von Martens Panoramic View of the River Seine

Description (Brief)
A Friedrich von Martens panoramic silver albumen print ca. 1844-1856. Taken in Paris in the mid-nineteenth century, the photograph is of the Louvre as seen from the opposite bank of the River Seine. A barge floats on the river close to the left bank. In the street there are two horse drawn cariages and one empty parked carriage. Buildings and shops line the street. Two of these buildings, located on adjacent corners, are print shops. One sign reads 'Delauney F. Danlos Editeur.' In the distance the Arc de Triomphe can be seen.
The Friederich von Martens collection in the Photographic History Collection is composed of thirty-eight albumen photographs. Included in the collection is a set of mechanical drawings, patent information and personal correspondence related to von Martens’s panoramic camera and photographs. Many of the photographs in this collection are of Paris in the mid-1800s. There are also photographs of drawings and paintings.
Friederich von Martens was born in Germany in 1809, but spent most of his life living and working in Paris, France. Not much is known about his life before he left Germany. In Paris, von Martens was a prominent and respected photographer. He photographed both seascapes and city scenes. He also traveled to many other cities such as Frankfurt, Lausanne, Le Havre, Rouen, Stuttgart, Trieste and Venice. He exhibited his work in Paris at the Salon from 1834 to 1848. In 1845, von Martens invented the first panoramic camera, called the Megaskop-Kamera. The camera featured a swing lens and operated by a handle and gears. The first model used 4.7" x 15" curved daguerreotype plates that had a 150 degree arc. A later model used wet plate curved glass emulsions. The curved plate design made development of the plates difficult, however von Martens managed to produce many high quality panoramas. In 1851 he had a chance to exhibit a number of albumen prints of architectural views at the Great Exhibition in London, for which he was awarded the Council Medal. In the 1850s von Martens decided to try taking panoramic photographs using talbotypes instead of daguerreotypes. He tried his new idea while photographing the Alps. One of these photographs, taken of Mont Blanc, in 14 parts, was exhibited at the Exposition Universelle in Paris in 1855. Von Martens died in 1875.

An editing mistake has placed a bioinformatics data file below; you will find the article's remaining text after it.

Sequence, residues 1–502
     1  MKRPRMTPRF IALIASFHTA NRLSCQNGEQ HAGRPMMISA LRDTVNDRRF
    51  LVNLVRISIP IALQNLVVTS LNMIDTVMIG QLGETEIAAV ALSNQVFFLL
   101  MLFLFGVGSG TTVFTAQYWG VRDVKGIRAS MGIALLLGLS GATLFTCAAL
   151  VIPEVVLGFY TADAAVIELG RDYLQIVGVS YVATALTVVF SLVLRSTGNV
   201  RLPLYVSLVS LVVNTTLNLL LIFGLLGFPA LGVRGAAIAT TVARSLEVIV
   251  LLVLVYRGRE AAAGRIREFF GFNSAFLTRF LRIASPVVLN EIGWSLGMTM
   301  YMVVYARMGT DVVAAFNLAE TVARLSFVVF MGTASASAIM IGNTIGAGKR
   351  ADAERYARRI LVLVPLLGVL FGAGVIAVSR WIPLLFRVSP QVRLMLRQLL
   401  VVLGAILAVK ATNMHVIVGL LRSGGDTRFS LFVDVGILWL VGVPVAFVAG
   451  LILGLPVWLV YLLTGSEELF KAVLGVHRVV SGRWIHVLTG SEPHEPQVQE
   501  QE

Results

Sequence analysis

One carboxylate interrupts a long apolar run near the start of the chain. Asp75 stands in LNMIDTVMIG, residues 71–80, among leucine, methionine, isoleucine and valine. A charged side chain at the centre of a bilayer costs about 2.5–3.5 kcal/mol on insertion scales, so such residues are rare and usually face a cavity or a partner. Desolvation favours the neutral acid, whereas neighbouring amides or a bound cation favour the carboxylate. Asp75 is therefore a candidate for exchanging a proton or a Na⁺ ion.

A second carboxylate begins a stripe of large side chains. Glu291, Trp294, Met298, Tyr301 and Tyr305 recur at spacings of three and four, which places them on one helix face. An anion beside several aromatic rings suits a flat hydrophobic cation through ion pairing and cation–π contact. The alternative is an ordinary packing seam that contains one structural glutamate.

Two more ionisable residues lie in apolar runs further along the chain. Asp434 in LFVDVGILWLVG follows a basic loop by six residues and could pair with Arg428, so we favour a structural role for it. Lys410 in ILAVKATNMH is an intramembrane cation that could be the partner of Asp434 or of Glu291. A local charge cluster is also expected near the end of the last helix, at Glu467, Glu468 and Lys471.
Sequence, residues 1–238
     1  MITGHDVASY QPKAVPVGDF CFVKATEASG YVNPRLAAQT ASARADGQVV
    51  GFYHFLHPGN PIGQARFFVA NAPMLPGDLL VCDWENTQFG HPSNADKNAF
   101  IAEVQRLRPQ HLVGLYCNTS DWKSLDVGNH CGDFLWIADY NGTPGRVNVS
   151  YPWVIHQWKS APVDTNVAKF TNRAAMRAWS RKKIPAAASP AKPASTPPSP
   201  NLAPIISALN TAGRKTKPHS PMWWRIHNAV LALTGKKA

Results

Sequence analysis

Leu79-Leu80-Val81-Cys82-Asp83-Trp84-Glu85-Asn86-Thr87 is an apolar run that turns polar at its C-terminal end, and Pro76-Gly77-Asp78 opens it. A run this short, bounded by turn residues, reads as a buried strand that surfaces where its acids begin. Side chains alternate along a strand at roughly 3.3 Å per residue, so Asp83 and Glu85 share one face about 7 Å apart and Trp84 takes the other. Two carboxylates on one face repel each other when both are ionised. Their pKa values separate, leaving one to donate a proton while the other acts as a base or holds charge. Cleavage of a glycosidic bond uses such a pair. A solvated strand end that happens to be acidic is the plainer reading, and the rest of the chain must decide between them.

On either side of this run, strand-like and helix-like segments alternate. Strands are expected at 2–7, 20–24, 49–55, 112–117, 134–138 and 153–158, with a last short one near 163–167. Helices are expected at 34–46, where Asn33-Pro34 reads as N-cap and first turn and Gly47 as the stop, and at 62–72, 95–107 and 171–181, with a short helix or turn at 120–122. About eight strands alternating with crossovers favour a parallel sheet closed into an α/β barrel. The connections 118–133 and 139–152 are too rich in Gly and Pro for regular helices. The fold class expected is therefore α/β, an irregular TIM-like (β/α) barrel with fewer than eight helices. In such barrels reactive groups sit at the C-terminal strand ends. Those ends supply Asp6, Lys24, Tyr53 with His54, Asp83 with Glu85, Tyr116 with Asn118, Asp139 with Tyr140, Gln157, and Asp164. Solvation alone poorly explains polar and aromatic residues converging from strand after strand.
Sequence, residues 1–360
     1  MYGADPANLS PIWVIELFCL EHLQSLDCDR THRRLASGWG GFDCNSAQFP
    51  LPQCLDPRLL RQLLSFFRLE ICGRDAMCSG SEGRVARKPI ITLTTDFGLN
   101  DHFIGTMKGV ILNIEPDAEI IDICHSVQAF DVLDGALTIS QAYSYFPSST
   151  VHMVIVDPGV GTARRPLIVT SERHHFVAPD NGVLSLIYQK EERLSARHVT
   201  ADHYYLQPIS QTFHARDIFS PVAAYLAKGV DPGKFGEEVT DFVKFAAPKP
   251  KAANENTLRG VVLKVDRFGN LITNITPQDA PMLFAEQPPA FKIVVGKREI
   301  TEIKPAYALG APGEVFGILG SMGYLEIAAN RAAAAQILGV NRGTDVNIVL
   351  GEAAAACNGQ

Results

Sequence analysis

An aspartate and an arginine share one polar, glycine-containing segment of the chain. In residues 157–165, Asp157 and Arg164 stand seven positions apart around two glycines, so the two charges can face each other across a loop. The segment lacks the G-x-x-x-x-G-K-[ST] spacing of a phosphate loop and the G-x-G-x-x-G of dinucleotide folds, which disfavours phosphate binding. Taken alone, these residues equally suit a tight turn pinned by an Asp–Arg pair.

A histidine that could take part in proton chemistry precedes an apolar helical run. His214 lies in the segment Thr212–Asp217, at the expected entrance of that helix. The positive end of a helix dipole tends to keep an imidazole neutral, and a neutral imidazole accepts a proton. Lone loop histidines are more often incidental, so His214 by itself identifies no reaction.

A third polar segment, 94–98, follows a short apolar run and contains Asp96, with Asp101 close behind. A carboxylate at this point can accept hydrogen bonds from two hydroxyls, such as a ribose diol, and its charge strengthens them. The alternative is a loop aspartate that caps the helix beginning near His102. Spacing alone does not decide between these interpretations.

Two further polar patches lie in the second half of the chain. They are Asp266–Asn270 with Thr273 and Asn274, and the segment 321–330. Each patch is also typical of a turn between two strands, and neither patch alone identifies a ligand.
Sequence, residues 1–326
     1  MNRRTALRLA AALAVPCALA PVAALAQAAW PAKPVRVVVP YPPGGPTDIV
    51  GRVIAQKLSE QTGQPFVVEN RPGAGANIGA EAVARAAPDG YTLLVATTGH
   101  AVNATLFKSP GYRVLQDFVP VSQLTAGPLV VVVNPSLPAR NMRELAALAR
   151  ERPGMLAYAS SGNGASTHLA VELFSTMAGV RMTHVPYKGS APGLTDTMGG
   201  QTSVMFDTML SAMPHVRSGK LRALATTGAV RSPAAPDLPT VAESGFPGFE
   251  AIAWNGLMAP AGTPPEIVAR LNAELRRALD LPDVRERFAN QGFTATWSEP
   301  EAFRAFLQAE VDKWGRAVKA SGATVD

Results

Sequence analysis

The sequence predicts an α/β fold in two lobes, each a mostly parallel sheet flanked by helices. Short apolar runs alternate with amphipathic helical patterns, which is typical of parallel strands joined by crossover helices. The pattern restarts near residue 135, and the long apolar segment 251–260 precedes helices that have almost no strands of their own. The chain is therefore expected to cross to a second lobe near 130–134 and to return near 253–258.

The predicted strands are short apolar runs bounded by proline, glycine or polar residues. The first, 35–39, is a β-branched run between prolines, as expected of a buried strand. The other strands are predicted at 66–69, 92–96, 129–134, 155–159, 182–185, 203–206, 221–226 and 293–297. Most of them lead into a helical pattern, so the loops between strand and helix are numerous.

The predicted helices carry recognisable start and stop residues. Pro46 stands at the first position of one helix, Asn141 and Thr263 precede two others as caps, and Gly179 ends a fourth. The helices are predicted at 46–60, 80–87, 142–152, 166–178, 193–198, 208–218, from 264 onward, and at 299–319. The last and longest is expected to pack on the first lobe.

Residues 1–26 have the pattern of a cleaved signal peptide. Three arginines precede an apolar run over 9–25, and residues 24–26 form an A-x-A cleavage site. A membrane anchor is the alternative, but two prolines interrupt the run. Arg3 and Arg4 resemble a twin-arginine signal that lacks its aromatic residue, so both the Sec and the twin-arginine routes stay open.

Currently not on view
date made
ca 1844-1856
von Martens, Friedrich
place made
France: Île-de-France, Paris
Physical Description
paper (overall material)
overall: 34 cm x 57 cm; 13 3/8 in x 22 7/16 in
ID Number
accession number
catalog number
See more items in
Culture and the Arts: Photographic History
Photo History Collection
Friedrich von Martens Collection
Data Source
National Museum of American History


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